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Hope In Bloom helps cancer victims with gardens
“No one grows old by living, just by losing interest in living,” Mari Beyon Ray, psychologist and author, once stated.
Often times, when a person is ill, their interest in living wanes and their battle for life is lost. In Massachusetts, Roberta Dehman Hershon set out to give women and men battling breast cancer hope for a better tomorrow. After losing a close friend to breast cancer, she started a volunteer organization called HopeInBloom.org, which creates personal gardens for people with breast cancer.
One garden at a time, Hershon's dream of helping others is coming true.
Her organization supplies the plants, and Hope volunteers plant the gardens. Often, local landscape architects and contractors donate their expertise and materials. If needed, Hope in Bloom maintains the garden for the first season while the person recuperates and learns the ropes of gardening, since some have never gardened before.
“When I started this project, I wanted to help as many cancer patients as possible in Massachusetts feel good about themselves and have a garden where they could find happiness and relief from the daily battle they were waging against breast cancer. We started with one garden in 2007 and have finished 118 gardens so far,” Hershon said.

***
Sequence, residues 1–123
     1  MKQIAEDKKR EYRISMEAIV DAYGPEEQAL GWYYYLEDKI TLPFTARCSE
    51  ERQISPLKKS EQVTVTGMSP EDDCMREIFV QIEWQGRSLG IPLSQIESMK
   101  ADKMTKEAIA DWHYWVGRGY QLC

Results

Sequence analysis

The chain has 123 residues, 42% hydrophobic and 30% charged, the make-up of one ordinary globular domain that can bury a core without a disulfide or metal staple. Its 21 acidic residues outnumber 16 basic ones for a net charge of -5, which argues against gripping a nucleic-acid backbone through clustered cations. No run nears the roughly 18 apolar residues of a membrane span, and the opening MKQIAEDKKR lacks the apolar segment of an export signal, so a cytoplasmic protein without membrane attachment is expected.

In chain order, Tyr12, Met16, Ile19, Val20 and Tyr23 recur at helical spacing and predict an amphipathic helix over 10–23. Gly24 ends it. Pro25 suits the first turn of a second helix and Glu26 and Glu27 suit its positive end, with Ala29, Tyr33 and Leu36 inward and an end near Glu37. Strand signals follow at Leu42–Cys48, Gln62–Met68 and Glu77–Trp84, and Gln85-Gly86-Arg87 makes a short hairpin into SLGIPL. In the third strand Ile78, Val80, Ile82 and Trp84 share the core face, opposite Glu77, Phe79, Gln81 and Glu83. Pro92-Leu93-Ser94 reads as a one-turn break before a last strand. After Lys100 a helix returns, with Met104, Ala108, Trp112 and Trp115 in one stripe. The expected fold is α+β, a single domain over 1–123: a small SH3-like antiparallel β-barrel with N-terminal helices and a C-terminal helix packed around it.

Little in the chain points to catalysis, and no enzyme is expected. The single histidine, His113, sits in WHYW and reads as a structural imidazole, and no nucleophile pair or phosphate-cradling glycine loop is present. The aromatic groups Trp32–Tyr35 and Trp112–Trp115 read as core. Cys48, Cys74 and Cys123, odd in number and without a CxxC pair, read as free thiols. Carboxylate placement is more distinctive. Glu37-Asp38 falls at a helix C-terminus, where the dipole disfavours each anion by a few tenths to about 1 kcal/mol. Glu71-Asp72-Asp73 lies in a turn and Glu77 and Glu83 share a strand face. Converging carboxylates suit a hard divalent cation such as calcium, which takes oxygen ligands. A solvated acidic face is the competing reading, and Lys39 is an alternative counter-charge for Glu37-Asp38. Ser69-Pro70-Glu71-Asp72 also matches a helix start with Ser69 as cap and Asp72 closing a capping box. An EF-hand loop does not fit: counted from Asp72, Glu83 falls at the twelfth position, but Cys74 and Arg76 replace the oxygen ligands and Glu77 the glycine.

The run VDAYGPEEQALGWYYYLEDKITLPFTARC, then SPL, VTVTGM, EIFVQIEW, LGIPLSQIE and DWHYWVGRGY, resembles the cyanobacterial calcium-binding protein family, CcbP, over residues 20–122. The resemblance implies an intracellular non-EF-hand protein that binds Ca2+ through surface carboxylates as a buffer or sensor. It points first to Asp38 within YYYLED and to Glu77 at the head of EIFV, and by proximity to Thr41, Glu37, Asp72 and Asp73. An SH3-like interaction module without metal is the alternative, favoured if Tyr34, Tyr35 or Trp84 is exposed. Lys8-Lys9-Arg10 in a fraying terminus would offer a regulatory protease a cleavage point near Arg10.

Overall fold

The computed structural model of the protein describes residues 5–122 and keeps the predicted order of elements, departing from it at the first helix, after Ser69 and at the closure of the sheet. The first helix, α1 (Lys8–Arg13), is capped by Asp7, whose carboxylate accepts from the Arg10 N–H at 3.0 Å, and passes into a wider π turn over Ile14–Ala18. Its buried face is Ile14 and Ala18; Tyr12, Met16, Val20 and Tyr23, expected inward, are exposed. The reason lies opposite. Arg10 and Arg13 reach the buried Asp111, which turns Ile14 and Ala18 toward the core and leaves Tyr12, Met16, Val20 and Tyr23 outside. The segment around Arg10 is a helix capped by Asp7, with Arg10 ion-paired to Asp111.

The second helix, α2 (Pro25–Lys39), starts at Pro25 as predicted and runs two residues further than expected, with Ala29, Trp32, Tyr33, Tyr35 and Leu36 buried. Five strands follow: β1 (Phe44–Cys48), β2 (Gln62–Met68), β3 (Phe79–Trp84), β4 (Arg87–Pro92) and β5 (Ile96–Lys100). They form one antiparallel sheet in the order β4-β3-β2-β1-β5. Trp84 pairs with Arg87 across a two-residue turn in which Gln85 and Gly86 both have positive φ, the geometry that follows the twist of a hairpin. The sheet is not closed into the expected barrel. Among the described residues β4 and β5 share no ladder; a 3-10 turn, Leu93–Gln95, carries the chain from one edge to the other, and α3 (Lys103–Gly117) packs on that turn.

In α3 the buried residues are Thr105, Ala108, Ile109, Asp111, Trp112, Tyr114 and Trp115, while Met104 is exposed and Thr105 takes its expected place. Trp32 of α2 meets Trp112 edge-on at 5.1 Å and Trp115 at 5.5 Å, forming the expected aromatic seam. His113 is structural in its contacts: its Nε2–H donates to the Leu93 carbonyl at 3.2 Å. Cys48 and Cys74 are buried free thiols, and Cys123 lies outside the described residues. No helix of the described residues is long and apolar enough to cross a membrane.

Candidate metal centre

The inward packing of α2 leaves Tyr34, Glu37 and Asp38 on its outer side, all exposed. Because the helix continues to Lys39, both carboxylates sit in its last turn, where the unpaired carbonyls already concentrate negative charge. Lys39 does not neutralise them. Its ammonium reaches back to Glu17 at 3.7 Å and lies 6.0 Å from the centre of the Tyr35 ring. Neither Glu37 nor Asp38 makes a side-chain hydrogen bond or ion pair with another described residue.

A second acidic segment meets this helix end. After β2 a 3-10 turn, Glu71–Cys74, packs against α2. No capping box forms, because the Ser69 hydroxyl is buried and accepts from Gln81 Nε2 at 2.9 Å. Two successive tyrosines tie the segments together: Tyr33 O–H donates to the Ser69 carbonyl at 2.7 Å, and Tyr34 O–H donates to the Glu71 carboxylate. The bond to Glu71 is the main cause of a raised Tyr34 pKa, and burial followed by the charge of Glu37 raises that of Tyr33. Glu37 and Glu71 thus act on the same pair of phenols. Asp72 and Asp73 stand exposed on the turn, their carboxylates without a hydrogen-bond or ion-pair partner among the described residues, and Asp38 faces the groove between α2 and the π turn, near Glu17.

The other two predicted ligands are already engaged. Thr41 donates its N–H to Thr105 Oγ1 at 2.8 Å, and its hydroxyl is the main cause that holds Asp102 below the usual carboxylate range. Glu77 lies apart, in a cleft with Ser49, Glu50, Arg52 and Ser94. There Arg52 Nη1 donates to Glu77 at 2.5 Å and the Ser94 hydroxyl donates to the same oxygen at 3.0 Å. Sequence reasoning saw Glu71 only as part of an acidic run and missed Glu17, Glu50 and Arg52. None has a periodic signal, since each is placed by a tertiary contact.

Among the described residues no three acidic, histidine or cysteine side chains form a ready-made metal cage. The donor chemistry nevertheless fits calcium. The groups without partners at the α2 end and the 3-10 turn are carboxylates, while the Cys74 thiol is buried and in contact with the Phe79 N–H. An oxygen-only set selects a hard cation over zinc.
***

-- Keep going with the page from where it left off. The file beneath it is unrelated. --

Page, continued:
According to the latest survey taken by Centers for Disease Control and Prevention and National Cancer Institute, more than 211,000 men and women are diagnosed with breast cancer annually, and thousands lose the battle against this aggressive disease. The four words women fear most - “You have breast cancer” - are now being heard by one in seven, translating to a new diagnosis every two minutes.
“We have a waiting list of over 200 people and just need more funds to create their gardens,” Hershon said. “We don't qualify for any federal programs and rely strictly upon private donations. If people could see the excitement these women and men feel when entering their own special garden for the first time, I know we would have many more donations.”
Massachusetts residents are creative in helping Hope in Bloom. One high school student, Erica Greenberg, started a photography club where club members took photographs of flowers and gardens, turned them into note cards and sold the cards.
“During my freshman year of high school, I heard about Hope in Bloom. I had relatives who had battled cancer, and I was touched by the idea of giving gardens to cancer patients. I wanted to help and started the photography club with just myself and my best friend. By my senior year, the club was going strong, and we were donating much-needed funds to help Hope in Bloom keep gardening. During my four years of high school, we raised over $8,000. The club is still going strong; and since I graduated, it has raised an additional $2,000.”